Think about what it means to produce something. If a factory produces cars, what are they doing? They're, that's right, they're making cars. So, plants are producers because they are making their own food. They don't have to go out and get it. They make it with that sunlight.

When you are looking for things whether it was in your house or apartment or if you got to go to the park or your backyard or front yard wherever, you probably saw some things that we could write in this producer box. If you saw a plant, you saw a producer. Remember these pine needles that I held up? There's two different kinds. This long one. This one was from a a ponderosa pine. The shorter ones. Those are from a piñon pine.

Because we have, see if I can pull this branch down. Can you see that branch right there? That's part of a piñon pine. Piñon pines are right there. Let's go ahead and write down piñon pine in this box. They are a very important tree in this ecosystem. Oops, They're very important tree in this ecosystem because there are so many of them.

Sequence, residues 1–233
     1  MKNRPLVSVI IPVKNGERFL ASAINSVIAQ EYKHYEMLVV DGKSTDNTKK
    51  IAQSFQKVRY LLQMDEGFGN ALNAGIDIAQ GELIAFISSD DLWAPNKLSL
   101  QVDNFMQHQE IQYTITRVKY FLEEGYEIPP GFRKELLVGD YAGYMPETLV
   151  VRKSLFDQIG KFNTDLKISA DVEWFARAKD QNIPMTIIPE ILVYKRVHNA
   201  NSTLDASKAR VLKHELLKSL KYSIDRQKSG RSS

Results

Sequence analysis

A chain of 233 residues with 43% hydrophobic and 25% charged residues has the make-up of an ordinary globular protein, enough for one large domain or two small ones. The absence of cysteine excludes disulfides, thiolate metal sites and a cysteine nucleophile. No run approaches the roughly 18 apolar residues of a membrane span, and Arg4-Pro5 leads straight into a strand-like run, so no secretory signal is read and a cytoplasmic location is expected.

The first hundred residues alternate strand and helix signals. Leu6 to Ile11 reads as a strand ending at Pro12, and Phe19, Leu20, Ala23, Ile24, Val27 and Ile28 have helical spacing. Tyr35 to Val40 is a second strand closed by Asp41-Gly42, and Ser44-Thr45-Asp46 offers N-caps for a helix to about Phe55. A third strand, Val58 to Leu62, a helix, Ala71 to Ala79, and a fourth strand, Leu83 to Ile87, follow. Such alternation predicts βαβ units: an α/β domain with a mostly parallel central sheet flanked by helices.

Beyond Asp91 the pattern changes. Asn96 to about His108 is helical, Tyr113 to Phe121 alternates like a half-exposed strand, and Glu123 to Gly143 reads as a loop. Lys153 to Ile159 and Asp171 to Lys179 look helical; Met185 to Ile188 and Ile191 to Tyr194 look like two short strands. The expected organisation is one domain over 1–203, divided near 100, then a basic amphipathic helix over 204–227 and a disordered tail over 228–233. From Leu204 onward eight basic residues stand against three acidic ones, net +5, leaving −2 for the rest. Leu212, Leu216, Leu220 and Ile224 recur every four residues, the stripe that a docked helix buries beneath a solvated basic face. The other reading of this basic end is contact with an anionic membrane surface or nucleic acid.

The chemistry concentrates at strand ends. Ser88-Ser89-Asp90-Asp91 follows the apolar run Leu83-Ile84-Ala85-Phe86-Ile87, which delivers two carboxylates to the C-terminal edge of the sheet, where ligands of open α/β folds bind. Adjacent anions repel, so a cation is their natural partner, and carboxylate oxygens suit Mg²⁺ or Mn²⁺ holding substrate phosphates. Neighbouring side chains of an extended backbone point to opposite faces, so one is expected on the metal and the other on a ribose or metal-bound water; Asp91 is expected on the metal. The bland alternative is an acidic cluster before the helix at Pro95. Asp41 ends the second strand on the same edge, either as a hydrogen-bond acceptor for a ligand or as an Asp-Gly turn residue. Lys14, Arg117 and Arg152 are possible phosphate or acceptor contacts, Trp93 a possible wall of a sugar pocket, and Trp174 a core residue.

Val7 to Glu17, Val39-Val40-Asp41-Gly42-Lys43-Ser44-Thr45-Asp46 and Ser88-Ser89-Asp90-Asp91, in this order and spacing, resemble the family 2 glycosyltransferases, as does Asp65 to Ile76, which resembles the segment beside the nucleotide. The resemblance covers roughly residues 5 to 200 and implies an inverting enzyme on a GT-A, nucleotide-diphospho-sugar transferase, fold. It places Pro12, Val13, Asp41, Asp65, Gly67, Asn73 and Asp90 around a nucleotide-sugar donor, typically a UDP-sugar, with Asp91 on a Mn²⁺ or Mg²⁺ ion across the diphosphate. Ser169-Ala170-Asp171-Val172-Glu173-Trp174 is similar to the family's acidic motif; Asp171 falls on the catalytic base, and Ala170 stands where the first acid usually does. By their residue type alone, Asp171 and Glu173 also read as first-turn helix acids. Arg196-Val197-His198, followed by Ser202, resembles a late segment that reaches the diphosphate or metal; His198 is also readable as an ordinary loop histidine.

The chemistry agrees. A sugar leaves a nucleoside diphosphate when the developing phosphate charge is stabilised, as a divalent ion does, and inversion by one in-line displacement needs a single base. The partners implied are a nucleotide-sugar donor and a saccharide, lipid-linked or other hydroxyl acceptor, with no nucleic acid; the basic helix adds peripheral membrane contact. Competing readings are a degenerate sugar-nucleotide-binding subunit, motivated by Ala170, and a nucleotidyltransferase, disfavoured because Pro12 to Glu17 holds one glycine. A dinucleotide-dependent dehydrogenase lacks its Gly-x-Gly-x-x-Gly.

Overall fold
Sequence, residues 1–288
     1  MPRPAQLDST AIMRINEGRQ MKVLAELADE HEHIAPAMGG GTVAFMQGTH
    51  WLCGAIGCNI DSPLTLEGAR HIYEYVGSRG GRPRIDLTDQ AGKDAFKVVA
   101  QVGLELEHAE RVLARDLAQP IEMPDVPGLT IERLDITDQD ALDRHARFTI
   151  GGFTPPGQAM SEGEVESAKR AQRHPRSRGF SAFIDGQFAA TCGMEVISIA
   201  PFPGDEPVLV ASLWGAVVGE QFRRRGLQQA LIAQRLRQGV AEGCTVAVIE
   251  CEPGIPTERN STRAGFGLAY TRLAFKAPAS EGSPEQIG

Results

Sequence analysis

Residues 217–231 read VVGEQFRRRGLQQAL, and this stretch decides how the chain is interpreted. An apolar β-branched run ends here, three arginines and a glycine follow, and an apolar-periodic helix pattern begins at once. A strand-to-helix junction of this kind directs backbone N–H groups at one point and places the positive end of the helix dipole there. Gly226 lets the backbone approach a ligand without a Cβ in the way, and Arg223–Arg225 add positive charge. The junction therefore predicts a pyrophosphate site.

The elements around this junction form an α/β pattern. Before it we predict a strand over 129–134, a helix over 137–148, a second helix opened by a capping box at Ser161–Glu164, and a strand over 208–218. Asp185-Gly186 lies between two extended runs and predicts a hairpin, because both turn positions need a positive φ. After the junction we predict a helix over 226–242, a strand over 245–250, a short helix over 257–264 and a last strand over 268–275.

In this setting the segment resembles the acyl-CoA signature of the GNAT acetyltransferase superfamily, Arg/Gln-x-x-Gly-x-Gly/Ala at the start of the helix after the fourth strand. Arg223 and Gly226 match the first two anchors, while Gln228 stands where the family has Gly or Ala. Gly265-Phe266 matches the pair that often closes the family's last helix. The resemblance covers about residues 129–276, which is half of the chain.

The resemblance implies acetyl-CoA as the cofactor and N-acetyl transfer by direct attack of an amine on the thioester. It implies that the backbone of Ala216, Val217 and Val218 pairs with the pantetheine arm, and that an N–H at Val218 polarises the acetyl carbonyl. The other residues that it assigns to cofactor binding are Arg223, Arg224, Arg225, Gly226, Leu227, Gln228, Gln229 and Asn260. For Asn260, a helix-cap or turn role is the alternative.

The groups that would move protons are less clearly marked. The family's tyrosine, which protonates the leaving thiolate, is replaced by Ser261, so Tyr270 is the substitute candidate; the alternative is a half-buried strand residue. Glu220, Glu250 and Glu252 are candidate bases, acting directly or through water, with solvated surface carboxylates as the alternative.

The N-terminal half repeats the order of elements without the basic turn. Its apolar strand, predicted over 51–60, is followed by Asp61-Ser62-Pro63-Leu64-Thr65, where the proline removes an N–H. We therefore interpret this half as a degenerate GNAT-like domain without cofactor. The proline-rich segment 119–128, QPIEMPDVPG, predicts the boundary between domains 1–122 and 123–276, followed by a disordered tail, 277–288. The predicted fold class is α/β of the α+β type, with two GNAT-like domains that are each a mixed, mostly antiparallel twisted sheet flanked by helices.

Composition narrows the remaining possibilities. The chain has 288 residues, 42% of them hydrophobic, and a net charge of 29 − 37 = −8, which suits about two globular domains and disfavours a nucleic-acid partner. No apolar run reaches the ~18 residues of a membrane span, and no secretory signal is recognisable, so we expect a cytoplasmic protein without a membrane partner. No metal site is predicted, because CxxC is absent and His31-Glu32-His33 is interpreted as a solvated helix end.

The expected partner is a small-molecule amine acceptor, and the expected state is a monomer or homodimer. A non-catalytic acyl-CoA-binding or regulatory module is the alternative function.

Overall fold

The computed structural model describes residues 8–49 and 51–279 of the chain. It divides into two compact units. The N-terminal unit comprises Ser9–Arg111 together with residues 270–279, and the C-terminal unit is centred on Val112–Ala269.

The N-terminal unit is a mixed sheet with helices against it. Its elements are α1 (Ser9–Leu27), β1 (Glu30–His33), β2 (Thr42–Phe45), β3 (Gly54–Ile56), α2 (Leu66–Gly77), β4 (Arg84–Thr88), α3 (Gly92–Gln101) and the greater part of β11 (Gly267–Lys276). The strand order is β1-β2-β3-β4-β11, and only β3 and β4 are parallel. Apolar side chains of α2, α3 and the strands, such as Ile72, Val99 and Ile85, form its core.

What do pine trees grow off of their branches besides the needles? Yeah, the pine cones. Here's a pine cone. They don't just make 'em like this for no reason. There's a specific reason. What goes inside these little spots? The seeds. So, the purpose of all pine cones is to make seeds. Do you think all those seeds grow? Some of them do. Some of them don't do anything. They just end up dying. Some of them might get what? Yeah, they might get eaten.

Alright, another plant, another producer. Um Let's see. Can you see any more producers behind me? Vince, can you zoom out a little bit? Do you see anything else? Well, one other one we wrote down yesterday, and it's another important one, was the other kind of tree. Has little berries on it a lot of times, the grayish-blue berries. It's called a juniper. Let's write that one down again because that was so important. Juniper trees. They don't grow pine cones on em. They grow the little berries and like we talked about inside the berries is a little, yeah, seed. So, same story as the piñon seeds.

Those berries, some of 'em grow new trees. Some of 'em just die. They don't do anything. Some of 'em get eaten and if those seeds get crunched up, yeah, no seed, no trees going to grow there. Okay. So, a couple times, I talked about things eating those seeds. What is eating those seeds or anything else in the ecosystem? Animals. Because animals eat, we're going to call them something else. Just like we use producers for plants, we're going to use this word: consumers.